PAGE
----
While San Diego may seem far more enticing than either Irvine or Davis, the truth is that UC-Irvine and UC-Davis have consistently ranked above the Rady School of Management. How come? Both Irvine and Davis take their full-time MBA programs more seriously, devoting greater resources and attention to them. It’s telling, for example, that as of early March in 2014 Rady’s website still had the profile for the class that entered in the fall of 2012, rather than 2013.
That’s largely why the UC hierarchy of business schools goes from Berkeley and UCLA to Davis and Irvine–then there’s a more considerable gap before getting to San Diego. Well, not exactly San Diego, but rather idyllic La Jolla, where the tourists vastly outnumber the businesses. The school is named for Ernest Rady, a Canadian-born investor who founded American Assets, a financial services and real estate firm in San Diego. A self-made billionaire, Rady donated $30 million to UC-San Diego in 2003.
His money helped to put the school is a rather dramatic and unique building that looks a little like the front of an ocean liner (see above). In the grand scheme of things, this is a relatively young business school. Robert S. Sullivan, who had been dean of the Kenan-Flagler Business School at the University of North Carolina, joined Rady as its founding dean in January of 2003. He has recruited faculty from top universities such as the University of Chicago, MIT, New York University, Northwestern, Princeton, Stanford, the Wharton School and Yale.
To be sure, the school’s location allows it to attract both faculty and students who compare favorably to those at Davis and Irvine. The telltale signs of Rady’s problem show up in its salary and placement stats. In 2012, for example, only 37.8% of its freshly minted MBAs had jobs at graduation, compared to 63.4% at Davis and 54.4% at Irvine. Three months later, Rady grads fared better, with 71.1% reporting that they had jobs, but at Davis the number was 92.7% and at Irvine it was 80.0%. Rady MBAs also trailed the two other UC schools in starting salary and bonus: $77,566 vs. $98,592 at Davis and $80,809 at Irvine.
This is a tiny full-time MBA program that enrolls just slightly more than 50 students a year–with almost half of them coming from outside the U.S. The program starts with an intensive two-week preterm to prep students for the two-year core and elective curriculum. The first three terms in the first year are filled with the basics, with the exception of one elective and a professional seminar in the spring or third term. Through its course catalog of electives, you can focus on a traditional business area, such as marketing, finance, or operations, or pull together a group of courses on such things asnew product development or new venture finance.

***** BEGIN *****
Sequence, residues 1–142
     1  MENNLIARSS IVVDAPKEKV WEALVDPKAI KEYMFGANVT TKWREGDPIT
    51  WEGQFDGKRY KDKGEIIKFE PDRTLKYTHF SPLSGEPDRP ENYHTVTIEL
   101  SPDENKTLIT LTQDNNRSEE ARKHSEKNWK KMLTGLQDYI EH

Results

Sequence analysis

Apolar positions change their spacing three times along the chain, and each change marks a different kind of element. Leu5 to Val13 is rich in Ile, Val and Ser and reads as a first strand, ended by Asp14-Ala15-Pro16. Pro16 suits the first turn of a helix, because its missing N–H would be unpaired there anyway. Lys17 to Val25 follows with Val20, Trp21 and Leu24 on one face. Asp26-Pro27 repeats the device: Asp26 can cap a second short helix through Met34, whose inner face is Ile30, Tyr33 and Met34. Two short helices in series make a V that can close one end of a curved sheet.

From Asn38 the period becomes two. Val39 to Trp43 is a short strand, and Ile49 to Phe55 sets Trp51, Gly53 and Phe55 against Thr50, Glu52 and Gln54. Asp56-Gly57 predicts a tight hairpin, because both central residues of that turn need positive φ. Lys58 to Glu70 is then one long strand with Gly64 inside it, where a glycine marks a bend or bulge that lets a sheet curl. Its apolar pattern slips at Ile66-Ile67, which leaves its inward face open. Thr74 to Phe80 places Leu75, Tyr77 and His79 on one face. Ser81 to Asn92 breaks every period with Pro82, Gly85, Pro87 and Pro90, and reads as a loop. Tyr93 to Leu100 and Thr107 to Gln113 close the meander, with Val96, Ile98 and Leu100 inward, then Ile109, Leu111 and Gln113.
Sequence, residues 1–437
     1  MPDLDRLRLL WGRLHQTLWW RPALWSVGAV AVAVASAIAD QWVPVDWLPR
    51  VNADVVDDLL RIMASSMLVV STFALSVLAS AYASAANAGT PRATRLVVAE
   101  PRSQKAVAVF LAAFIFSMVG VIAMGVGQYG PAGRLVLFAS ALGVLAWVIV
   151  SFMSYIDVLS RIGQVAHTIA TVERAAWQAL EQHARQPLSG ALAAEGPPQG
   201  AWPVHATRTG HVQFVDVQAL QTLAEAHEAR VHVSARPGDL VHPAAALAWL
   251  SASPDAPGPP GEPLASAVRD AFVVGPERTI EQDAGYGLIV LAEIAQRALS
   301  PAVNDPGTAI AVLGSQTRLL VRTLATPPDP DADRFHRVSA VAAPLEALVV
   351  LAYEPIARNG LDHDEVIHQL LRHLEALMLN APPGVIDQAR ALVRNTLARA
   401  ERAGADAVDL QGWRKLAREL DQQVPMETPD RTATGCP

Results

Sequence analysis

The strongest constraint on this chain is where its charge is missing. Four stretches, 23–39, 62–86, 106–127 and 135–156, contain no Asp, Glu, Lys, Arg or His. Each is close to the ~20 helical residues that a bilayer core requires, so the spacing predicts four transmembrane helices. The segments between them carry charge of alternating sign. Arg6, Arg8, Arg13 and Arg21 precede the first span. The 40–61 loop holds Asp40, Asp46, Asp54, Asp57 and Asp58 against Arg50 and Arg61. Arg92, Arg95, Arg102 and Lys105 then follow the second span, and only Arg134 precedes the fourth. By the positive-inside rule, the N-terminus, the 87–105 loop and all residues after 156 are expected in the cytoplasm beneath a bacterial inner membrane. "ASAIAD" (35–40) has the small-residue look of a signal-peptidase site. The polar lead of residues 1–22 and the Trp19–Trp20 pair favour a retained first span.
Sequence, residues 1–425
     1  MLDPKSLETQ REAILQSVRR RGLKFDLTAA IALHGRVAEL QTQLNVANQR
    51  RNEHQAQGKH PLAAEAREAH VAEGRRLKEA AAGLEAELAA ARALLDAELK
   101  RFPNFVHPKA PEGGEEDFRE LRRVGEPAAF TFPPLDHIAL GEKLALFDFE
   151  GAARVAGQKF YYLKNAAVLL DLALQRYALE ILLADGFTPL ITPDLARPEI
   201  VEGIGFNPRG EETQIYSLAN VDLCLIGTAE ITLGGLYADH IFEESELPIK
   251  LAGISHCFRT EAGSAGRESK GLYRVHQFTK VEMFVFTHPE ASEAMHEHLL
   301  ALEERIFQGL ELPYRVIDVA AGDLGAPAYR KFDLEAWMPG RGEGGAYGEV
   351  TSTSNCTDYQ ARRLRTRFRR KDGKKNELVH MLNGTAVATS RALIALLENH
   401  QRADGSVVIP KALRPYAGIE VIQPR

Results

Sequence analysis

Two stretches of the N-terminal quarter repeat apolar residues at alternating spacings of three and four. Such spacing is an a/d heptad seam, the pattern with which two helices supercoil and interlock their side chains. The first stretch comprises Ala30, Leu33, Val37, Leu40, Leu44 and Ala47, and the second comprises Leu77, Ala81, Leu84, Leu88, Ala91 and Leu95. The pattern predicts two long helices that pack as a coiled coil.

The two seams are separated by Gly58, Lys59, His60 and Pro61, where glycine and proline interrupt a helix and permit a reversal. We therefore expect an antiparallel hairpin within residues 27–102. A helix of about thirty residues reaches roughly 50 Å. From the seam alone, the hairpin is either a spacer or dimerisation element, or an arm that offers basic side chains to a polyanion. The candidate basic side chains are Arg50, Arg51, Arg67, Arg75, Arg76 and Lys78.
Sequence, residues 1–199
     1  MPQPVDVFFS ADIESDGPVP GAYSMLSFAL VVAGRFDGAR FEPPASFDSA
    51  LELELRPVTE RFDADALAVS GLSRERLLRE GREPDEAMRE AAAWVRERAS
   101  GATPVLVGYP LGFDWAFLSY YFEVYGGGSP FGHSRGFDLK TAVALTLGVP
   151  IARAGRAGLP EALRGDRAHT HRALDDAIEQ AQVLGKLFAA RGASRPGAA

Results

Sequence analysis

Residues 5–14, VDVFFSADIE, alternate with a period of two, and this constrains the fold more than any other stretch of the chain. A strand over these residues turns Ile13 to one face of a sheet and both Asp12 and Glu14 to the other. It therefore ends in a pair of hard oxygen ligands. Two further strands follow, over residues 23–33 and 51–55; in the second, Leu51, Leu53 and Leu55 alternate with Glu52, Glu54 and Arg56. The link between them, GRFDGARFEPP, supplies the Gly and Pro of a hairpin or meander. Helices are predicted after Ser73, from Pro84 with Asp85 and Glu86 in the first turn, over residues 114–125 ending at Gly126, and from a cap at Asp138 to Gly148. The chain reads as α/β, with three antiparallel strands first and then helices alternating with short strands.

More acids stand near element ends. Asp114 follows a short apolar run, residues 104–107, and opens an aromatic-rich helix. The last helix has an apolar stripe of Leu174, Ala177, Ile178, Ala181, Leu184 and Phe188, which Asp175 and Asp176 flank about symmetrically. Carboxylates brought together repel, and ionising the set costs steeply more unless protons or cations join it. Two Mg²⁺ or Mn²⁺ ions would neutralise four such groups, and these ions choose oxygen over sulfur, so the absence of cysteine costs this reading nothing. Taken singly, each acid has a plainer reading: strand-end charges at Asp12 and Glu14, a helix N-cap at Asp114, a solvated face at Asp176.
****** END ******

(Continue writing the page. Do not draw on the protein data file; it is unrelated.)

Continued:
Rady positions its full-time MBA as “an immersion in innovation, designed to inspire your vision of the future and give you the knowledge to move great ideas to the marketplace.” Required of all students is a capstone Lab to Market course sequence that allows MBA candidates to take the skills learned in the core curriculum and electives to apply them to a project of significance to the student. MBAs learn to assess which innovations are worth pursuing and to move concepts to the marketplace. The school likes to say that its Lab to Market course puts students in a real-world environment, evaluating and pursuing potential business opportunities in collaboration with a team of classmates.
The school also has evening and weekend MBA programs for working professionals as well as a recently launched one-year master’s of finance program.
Rady has done well in the rankings as of late. After not being ranked by Poets&Quants in 2012, the school came in at No. 67 in 2013. Between 2013 and 2014, the school also rose by a formidable 13 points in the U.S. News ranking, rising from No. 73 to No. 60. In the same timespan, Rady rose from 46th place to 44th place among U.S. schools in the Financial Times ranking.
Rady has not published in its employment report its top employers, preferring to list a sample of firms that hired the school’s graduates.